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How can a Python program determine if it was executed as an executable file on a Unix system instead of being called as a script?


instead of

python ./

'/program' in sys.argv[0] cannot distinguish between the example cases.

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I don't believe this is possible. Unix doesn't make a distinction between the cases, the shell will just execute python for you when it encounters a #!/usr/bin/env python shebang line. – millimoose Mar 2 '13 at 0:10
What type of problem would this knowledge solve? What are you really trying to accomplish? – Bryan Oakley Mar 2 '13 at 0:25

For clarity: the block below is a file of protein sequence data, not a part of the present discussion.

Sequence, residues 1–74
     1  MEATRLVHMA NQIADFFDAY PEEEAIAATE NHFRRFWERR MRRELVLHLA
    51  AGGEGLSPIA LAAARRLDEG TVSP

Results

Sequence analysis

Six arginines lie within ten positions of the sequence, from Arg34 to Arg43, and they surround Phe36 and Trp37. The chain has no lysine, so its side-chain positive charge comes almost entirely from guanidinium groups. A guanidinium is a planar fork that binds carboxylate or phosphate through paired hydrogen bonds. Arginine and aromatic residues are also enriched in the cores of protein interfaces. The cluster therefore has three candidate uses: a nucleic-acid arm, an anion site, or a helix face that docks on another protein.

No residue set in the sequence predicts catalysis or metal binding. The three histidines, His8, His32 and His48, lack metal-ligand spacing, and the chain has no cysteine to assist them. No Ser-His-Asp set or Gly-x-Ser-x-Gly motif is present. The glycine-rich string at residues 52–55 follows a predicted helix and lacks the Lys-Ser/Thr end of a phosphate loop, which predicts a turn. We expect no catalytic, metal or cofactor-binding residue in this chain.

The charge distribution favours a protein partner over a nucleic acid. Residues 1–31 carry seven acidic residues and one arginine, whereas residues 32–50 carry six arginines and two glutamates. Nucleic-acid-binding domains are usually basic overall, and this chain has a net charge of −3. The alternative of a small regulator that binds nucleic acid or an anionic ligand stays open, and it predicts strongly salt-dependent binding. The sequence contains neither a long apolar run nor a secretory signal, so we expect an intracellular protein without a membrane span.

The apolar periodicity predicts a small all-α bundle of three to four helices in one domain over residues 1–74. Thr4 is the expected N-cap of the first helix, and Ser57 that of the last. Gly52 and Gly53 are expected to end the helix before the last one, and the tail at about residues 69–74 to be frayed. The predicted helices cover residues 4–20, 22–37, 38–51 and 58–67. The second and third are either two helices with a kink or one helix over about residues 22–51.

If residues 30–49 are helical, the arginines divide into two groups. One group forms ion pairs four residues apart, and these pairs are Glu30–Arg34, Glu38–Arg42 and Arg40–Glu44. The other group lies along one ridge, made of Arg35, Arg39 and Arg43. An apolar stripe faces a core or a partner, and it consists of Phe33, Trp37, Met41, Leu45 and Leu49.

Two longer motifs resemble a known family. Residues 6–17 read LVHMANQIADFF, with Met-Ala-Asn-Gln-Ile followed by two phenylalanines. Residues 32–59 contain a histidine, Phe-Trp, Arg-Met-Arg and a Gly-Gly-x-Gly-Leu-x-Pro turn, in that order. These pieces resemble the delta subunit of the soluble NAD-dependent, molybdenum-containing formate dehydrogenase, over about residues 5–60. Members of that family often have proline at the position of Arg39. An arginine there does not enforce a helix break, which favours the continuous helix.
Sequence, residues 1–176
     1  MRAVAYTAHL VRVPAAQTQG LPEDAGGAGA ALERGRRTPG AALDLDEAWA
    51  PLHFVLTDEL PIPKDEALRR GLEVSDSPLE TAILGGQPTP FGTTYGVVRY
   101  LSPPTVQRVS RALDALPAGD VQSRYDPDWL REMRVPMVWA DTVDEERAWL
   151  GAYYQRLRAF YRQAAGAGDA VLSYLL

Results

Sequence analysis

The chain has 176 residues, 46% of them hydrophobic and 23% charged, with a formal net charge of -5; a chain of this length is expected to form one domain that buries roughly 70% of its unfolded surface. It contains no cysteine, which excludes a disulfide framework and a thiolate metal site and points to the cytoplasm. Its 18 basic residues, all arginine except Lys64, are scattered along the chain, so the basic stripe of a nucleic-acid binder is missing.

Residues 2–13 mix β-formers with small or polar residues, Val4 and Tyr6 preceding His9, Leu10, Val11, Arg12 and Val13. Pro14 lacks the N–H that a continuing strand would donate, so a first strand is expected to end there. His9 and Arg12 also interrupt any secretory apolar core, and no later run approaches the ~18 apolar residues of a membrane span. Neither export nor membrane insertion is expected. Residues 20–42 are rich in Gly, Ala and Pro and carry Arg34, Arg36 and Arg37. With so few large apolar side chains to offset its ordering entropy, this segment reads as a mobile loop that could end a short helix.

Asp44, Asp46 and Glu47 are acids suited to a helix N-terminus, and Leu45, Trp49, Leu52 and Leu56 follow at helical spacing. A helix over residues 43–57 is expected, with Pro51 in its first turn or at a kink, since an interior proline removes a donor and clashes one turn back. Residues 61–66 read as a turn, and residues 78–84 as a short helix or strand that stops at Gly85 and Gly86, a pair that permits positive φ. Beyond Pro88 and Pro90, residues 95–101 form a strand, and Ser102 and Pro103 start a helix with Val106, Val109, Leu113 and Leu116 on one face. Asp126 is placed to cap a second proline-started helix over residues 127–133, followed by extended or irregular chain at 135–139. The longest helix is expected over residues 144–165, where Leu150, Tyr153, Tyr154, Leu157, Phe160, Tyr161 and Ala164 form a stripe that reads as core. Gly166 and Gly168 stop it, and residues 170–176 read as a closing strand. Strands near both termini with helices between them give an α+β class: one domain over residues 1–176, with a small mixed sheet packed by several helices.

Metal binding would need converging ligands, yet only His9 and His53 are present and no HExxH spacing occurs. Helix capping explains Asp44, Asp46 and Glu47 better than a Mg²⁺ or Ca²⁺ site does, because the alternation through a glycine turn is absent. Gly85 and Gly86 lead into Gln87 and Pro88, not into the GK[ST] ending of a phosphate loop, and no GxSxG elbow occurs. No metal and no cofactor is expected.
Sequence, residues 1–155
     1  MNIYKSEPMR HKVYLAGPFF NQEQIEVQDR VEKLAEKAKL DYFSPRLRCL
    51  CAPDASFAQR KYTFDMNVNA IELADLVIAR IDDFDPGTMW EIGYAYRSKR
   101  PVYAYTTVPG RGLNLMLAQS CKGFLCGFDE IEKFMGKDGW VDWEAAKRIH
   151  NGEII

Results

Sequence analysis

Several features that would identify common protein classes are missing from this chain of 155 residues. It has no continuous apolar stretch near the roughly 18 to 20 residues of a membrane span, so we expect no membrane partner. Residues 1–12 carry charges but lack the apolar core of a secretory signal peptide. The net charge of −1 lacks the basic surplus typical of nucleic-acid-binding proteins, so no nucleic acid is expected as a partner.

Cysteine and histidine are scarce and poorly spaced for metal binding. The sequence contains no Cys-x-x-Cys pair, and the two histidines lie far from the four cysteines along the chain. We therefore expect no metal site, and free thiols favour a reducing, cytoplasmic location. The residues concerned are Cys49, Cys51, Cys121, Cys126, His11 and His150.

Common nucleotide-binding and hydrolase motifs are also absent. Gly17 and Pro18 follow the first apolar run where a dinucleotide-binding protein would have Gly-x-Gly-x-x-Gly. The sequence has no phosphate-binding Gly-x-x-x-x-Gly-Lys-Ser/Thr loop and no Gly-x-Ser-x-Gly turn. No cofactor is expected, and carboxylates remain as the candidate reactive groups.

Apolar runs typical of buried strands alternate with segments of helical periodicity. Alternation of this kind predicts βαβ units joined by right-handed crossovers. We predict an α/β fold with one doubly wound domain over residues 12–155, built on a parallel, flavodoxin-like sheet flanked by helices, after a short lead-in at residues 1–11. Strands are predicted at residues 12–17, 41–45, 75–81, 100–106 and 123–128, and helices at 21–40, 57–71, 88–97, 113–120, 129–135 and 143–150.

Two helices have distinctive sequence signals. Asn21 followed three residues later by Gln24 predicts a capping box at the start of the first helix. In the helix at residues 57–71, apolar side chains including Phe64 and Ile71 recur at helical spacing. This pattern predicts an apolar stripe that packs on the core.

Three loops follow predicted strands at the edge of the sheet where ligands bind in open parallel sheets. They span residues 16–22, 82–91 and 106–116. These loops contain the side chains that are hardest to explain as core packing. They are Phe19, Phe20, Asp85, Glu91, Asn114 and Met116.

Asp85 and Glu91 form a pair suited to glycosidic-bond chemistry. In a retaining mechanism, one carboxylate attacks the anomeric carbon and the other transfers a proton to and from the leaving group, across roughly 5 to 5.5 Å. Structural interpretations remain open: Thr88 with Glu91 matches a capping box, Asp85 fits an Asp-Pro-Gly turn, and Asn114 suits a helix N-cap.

2 Answers 2

up vote 1 down vote accepted

A somewhat hackish solution would be adding an environment variable indicating this to the shebang line in

#!/usr/bin/env noscript=True python
import os
if os.getenv('noscript'):
    print("called as executable")
    print("called as script")
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There really is no distinction. If you set the executable bit, the os ultimately does exactly what you do on the command line -- it does python The only difference is that the os looks at the first line beginning with #! to determine precisely what version of python to run.

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